Mother Jones Launches DC LaborFest

Thursday, May 1, 2014

Mother Jones Launches DC LaborFest(Metropolitan Washington Council, AFL-CIO)

The DC LaborFest is a month-long celebration of labor arts in the nation’s capital. Work, workers and their lives and issues are explored through films, plays, poetry, music, art, literature and history throughout the month of May. Events are free unless otherwise noted; click here for the complete line-up. Please post widely on Facebook, Twitter and other social media!

Mother Jones Launches DC LaborFest
Spotlight on Immigrant Rights
LaborFest Adds New Play to Line-Up
COMING UP: Fasanella; Elizabeth Warren; Happy Birthday Pete Seeger; Brother Hal and Sweet Joan of the Textile Mills; Salt of the Earth; Rivera's "Man At The Crossroads" 

Mother Jones Launches DC LaborFest: The first annual DC LaborFest kicks off today, May 1 – celebrated around the world as International Worker’s Day -- with a mid-day May Day wreath-laying in honor of legendary labor organizer Mary Harris “Mother” Jones’ 184th birthday. The 12:30 p.m. event will take place at the Mother Jones marker at 2601 Powder Mill Rd, Silver Spring, MD 20903 in front of the Hillandale Baptist Church. In addition to the wreath-laying and songs in honor of the labor icon, organizer Saul Schniderman will share rare Mother Jones memorabilia. Also available will be hot-off-the-press copies of the LaborFest program guide. NOTE: in case of inclement weather the event will be held inside the Hillandale Baptist Church.

Spotlight on Immigrant Rights: At dusk tonight (8p), the AFL-CIO will literally spotlight the struggles of immigrant workers by projecting onto the AFL-CIO building (815 16th Street, 16th & I NW) the names and faces of some of the immigrant workers devastated by the deportation crisis. The brief video “highlights the refusal of Congressional Republicans to allow a vote on comprehensive immigration reform as well as the urgent need to end the inhumane deportations tearing apart families across the United States,” says the AFL-CIO. 

LaborFest Adds New Play to Line-Up: Living Out, a comedic play by LisaLoomer about working mothers, race, class and immigration status, has just been added to the DC LaborFest line-up.Click here for details about a special $15 ticket offer for the 8p show tonight at the GALA Theatre. The play focuses on Ana, a Salvadoran nanny and a mother of two, and Nancy, a lawyer challenged by fulfilling both personal and professional goals. Two working mothers who make difficult choices so they can provide a better life for their children. “A funny and touching play that explores the shared humanity between a nanny and her employer and the differences wrought by race, class and immigration status.”

Ralph Fasanella: Free noontime screening on Friday, May 2 of the film Fasanella at the AFL-CIO, which is also hosting exhibits of Fasanella paintings and drawings, as well as a collection of classic labor film posters.  A major exhibit of Ralph Fasanella’s paintings also opens Friday at the American Art Museum, which will host a 6:30p discussion Friday night with Fasanella exhibit curator Leslie Umberger and Marc Fasanella, Ralph’s son.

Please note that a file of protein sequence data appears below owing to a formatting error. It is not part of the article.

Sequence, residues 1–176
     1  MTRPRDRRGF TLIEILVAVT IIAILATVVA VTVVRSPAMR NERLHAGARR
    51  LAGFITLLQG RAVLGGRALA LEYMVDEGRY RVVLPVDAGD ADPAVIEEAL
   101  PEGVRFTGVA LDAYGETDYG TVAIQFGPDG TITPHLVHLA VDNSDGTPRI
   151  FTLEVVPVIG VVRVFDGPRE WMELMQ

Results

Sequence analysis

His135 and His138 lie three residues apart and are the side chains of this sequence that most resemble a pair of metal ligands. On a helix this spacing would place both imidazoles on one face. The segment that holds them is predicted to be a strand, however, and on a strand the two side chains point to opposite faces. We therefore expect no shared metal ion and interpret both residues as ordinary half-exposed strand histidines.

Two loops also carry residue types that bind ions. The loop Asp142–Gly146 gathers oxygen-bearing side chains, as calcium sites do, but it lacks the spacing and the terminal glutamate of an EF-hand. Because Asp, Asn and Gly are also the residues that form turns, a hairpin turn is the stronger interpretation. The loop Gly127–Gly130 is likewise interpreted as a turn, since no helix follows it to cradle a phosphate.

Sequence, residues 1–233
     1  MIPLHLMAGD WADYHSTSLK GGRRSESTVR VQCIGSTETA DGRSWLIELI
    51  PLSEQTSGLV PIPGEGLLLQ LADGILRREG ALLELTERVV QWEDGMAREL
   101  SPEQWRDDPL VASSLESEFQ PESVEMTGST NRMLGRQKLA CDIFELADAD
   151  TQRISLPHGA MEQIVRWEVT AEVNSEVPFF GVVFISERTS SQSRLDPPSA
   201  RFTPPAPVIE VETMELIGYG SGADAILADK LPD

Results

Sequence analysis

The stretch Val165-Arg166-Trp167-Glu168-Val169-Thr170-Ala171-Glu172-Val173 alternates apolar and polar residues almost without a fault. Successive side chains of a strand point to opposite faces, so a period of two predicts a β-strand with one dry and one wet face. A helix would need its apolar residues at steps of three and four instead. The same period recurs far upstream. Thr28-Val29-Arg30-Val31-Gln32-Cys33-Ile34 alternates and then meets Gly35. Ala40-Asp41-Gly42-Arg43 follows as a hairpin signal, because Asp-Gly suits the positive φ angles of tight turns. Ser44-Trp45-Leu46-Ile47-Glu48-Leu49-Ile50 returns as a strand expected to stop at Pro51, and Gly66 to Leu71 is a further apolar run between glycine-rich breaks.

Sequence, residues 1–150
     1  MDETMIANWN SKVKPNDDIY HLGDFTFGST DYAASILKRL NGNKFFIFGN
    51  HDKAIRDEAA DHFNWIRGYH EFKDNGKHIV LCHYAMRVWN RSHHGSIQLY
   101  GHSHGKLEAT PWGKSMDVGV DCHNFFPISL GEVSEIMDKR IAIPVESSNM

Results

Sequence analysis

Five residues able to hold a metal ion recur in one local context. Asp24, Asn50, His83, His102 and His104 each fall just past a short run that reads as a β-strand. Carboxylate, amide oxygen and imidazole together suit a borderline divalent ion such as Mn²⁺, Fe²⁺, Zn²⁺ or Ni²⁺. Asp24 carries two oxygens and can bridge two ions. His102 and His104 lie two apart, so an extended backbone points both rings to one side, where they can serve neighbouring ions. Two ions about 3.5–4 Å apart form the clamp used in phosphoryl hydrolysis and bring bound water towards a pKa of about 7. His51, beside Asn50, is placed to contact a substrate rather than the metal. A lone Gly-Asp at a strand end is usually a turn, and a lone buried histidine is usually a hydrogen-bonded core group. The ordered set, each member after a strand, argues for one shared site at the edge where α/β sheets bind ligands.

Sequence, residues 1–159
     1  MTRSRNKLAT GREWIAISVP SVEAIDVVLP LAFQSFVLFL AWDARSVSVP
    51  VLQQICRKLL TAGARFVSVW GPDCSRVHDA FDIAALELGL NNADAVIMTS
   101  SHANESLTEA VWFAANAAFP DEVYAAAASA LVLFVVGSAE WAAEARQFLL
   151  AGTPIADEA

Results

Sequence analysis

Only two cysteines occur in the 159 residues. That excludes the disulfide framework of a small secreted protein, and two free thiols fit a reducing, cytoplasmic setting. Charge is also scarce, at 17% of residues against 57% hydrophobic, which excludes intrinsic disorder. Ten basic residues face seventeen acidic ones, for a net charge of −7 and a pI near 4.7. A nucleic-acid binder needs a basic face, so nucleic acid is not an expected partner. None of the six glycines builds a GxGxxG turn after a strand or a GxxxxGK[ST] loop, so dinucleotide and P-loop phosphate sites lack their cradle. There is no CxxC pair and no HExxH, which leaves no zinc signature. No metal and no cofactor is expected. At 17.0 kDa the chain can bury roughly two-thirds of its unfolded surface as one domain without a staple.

Elizabeth Warren: The senior United States Senator from Massachusettschronicles her inspiring life story in her new memoir, “A Fighting Chance” at 5p Friday at the AFL-CIO (free but space is limited and RSVPs required).
Happy Birthday Pete Seeger: Joe Uehlein performs his Birthday Tribute to Pete Seeger Saturday night at Zed’s in Silver Spring and on Saturday & Sunday, around the corner at the Round House Theatre are the first performances of Brother Hal and Sweet Joan of the Textile Mills, two labor-themed plays performed by young actors. Brother Hal is a contemporary adaptation of Shakespeare's Henry V, performed by a cast of local actors ages 13-18; Sweet Joan examines the plight of child labor, performed by Lumina Studio Theatre's youngest actors, ages 8-12. Tickets required; click on the appropriate play for details. 
Salt of the Earth: Originally banned by the U.S. government and now recognized by the Smithsonian as among “the greatest 100 films ever made,” this classic 1954 film – which tells the story of Mexican-American workers who strike to attain wage parity with Anglo workers and explores the pivotal role their wives play in the strike -- celebrates its 60th anniversary 7:30p Monday night at the American Film Institute in Silver Spring (tickets necessary). Introduced by Tom Zaniello, author of “Working Stiffs, Union Maids, Reds, and Riffraff: An Organized Guide to Films About Labor” and includes DC Labor FilmFest t-shirt raffle!
Ongoing: Rivera's "Man At The Crossroads": TheEmbassy of Mexico, through its Cultural Institute, hosts an exhibit that reconstructs the history of Diego Rivera's Man at the Crossroads mural. The exposition centers around the mural Rivera painted in New York City, reconstructing its history with reproductions of previously unpublished material, including letters, telegrams, contracts, sketches, and documents, following Rivera's commission, subsequent tension and conflict, and finally, the mural's destruction. Daily through May 17. 


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